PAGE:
Welcome to the University of Texas Skywatchers' Report for Monday May 10th through Sunday the 16th.

The new moon for the month of May is on Friday the 14th, so you will see a waning crescent moon in the morning before dawn for most of the work week. You may be able to catch a very thin waxing crescent moon in the evenings this weekend. You can use Venus as a guide to try to find the moon on Saturday, since the tiny crescent sliver will be just below the bright planet. On Sunday, the slightly larger crescent will be above Venus.

Mars is now high in the west as the sky darkens in the early evening and sets a little after 2 a.m. Saturn is high in the south-southeast and is setting at about 4 a.m.

Shortly before Saturn sets in the west, over in the eastern skies Jupiter will just be starting to peek above the horizon. Mercury is rising at 5:45 a.m. at midweek, about 45 minutes before the sun.

The space shuttle Atlantis is due to launch on Friday for what is expected to be its last trip in to space. The shuttle will be delivering to the International Space Station the Russian-built Mini Research Module 1 that will provide additional storage space and a new docking port for Russian Soyuz and Progress spacecraft. During its 25 years of flight, the shuttle Atlantis has flown 32 times, including 11 times to the International Space Station. Among the highlights of Atlantis' missions - the launch of the Magellan probe to Venus, the Galileo spacecraft that orbited Jupiter, the first docking to the Mir Space Station and the final service mission to the Hubble Space Telescope last year. You can watch the launch and follow the mission at www.nasa.gov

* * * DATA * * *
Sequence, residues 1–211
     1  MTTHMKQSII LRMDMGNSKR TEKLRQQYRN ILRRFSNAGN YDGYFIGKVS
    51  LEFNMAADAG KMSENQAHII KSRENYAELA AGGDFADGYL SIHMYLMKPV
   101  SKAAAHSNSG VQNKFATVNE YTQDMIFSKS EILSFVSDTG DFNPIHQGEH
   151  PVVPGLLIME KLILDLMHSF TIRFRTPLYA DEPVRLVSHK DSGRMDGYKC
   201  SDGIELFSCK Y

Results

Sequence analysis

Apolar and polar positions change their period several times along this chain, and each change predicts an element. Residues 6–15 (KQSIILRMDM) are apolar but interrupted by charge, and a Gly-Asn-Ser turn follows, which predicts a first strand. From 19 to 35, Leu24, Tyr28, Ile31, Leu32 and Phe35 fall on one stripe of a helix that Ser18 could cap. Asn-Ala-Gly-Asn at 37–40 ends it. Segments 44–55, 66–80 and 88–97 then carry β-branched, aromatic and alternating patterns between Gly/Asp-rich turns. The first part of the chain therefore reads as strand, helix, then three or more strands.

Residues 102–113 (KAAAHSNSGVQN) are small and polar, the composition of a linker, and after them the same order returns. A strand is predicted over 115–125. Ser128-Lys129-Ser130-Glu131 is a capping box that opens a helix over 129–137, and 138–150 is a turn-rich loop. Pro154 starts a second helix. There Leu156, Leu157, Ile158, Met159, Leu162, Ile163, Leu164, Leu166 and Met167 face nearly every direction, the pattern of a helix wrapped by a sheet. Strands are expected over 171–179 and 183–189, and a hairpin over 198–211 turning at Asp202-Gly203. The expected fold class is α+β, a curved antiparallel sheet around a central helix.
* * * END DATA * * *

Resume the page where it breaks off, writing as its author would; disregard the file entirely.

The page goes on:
UT telescope public viewing has finished for the spring semester. Summer viewing will start in early June.

Thank you for calling the University of Texas Skywatchers' Report.



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